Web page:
June 6, 1944: D-Day's Normandy landings mark the start of liberation of Nazi-occupied Europe

More than 150,000 allied troops invaded Normandy by air and by sea as Operation Overlord began on the day now known as D-Day.

The Allied powers launched a massive troop invasion of Normandy, France against the forces of Nazi Germany on this day in 1944 – one that unquestionably would have major bearing on the future of Europe and the wider world.

Operation Overlord began in the early hours of June 6 – dubbed D-Day – when 24,000 airborne troops parachuted or glided into northern France.  By 6.30am the first of over 130,000 troops to invade by sea, conveyed by nearly 7,000 vessels, would land on the beaches of Normandy.

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As explained in the video above, the invasion took place after more than a year of planning, and a meticulous deception campaign named Operation Bodyguard which was designed to fool the German army into believing the invasion would take place at Calais.

Allied commander General Dwight D Eisenhower had given the go-ahead for the operation to begin, in order to take advantage of the tides, in spite of bad weather and high winds which saw many landing craft blown off course.

Assault Landing Crafts carrying British Royal Marines, form up in the English Channel on the night of 5th June 1944.

Additionally, parts of the beach head – divided into sectors called Utah, Omaha, Gold, Juno and Sword – were heavily fortified with heavy gun emplacements and machine-gun nests, as well as anti-tank obstacles, mines and barbed wire, making the landings highly hazardous.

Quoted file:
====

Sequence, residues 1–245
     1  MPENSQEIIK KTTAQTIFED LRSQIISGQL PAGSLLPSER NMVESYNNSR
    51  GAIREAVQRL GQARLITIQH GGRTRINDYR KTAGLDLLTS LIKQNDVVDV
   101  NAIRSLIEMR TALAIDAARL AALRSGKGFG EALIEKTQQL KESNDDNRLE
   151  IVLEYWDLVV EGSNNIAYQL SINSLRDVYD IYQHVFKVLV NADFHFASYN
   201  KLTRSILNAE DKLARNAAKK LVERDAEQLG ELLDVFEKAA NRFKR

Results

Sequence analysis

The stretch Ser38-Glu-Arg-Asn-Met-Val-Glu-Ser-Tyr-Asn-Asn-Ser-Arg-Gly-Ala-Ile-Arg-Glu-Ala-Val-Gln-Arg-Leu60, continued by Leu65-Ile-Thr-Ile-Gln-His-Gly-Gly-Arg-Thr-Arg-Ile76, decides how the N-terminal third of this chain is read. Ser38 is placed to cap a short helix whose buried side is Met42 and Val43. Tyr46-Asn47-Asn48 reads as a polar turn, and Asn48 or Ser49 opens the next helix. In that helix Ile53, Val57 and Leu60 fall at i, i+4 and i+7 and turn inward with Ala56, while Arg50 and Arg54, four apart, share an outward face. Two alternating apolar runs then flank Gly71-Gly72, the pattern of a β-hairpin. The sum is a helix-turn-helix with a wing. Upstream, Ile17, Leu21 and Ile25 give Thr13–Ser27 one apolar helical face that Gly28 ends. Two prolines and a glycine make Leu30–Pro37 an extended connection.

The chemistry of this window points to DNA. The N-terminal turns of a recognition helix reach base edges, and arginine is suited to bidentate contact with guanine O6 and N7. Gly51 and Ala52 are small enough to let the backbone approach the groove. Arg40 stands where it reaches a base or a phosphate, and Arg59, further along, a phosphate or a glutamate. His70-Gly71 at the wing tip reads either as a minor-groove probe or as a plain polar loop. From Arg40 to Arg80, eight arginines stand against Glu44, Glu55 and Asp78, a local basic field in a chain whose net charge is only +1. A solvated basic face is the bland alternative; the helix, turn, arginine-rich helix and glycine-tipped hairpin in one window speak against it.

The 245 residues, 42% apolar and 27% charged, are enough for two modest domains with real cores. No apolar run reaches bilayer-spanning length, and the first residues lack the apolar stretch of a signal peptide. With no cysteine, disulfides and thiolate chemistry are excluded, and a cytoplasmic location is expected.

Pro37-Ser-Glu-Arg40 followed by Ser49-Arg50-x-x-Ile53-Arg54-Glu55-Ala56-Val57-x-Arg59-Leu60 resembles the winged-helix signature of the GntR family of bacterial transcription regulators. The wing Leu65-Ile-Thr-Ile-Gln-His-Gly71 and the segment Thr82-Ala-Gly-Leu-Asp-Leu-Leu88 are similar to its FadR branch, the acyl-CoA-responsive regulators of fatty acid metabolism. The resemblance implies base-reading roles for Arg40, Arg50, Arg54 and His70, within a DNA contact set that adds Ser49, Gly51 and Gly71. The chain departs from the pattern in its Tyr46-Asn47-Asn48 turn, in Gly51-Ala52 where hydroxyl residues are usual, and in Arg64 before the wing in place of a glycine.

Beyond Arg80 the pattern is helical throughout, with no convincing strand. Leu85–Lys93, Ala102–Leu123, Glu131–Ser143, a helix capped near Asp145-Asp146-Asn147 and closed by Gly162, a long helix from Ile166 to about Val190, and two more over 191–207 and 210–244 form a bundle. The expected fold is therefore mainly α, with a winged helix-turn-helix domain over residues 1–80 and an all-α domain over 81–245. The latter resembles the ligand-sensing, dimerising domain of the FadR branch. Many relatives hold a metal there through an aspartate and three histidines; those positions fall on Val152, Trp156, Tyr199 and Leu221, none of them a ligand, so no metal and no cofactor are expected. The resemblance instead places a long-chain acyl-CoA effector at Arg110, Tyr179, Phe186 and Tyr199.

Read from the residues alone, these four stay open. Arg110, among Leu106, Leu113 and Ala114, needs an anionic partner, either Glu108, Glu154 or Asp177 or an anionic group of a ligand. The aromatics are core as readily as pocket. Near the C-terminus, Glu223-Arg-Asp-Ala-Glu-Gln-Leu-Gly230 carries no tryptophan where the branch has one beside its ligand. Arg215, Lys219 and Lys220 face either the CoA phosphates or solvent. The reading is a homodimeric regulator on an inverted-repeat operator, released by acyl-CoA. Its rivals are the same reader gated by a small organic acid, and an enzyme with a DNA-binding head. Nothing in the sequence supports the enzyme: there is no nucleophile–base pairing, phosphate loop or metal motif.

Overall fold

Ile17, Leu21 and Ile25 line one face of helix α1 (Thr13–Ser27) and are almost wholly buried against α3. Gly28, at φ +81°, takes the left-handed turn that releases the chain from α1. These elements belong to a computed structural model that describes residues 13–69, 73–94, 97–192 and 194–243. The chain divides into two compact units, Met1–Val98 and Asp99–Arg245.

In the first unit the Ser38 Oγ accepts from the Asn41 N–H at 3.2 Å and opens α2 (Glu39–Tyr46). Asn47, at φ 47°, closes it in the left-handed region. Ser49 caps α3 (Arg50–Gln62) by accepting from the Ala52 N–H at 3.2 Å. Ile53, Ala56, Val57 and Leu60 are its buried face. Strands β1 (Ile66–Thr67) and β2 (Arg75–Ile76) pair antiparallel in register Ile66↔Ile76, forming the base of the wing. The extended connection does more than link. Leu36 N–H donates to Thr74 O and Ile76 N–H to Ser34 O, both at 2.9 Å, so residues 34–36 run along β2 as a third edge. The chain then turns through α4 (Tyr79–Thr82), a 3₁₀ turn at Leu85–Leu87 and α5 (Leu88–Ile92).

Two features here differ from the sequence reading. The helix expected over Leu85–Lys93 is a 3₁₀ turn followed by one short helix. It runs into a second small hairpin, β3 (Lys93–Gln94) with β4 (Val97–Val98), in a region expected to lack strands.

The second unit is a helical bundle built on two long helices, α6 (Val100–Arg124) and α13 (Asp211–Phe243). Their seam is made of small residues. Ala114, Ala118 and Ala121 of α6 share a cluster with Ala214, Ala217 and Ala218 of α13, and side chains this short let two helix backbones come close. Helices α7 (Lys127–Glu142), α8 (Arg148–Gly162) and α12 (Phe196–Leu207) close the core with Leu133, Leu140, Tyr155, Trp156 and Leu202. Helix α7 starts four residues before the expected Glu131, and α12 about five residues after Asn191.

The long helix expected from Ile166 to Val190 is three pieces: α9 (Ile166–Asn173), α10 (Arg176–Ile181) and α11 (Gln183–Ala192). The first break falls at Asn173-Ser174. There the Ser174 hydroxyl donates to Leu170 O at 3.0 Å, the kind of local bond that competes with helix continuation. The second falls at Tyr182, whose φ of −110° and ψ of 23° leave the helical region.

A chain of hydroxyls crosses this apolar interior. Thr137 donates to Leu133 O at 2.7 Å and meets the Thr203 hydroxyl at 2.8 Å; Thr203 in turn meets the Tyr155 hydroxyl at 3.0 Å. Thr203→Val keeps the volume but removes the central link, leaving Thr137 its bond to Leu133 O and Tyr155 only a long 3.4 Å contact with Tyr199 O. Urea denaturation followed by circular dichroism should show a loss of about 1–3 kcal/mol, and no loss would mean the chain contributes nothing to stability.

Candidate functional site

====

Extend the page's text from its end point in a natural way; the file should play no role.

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Allied casualties numbered over 10,000, with 4,414 confirmed dead, which while being a high number in real terms was a relatively low cost considering the potential obstacles faced. There was a very real danger that the invasion could fail, which would have led to disastrous consequences.

Troops coming ashore from a landing craft for the D-day landings at Normandy.

Thanks to the deception campaign, Allied air superiority and disruption caused by the French resistance, German reinforcements were slow to reach Normandy. This allowed the Allies to secure the beaches by the end of the day and create a foothold from which they would push German forces back across Europe.

By the end of June some 875,000 Allied troops would land in Normandy, and while progress was slow, the destruction of the German Army Group B at Falaise on August 21 and the Liberation of Paris four days later confirmed that the tide of the war had turned decisively in the Allies’ favour.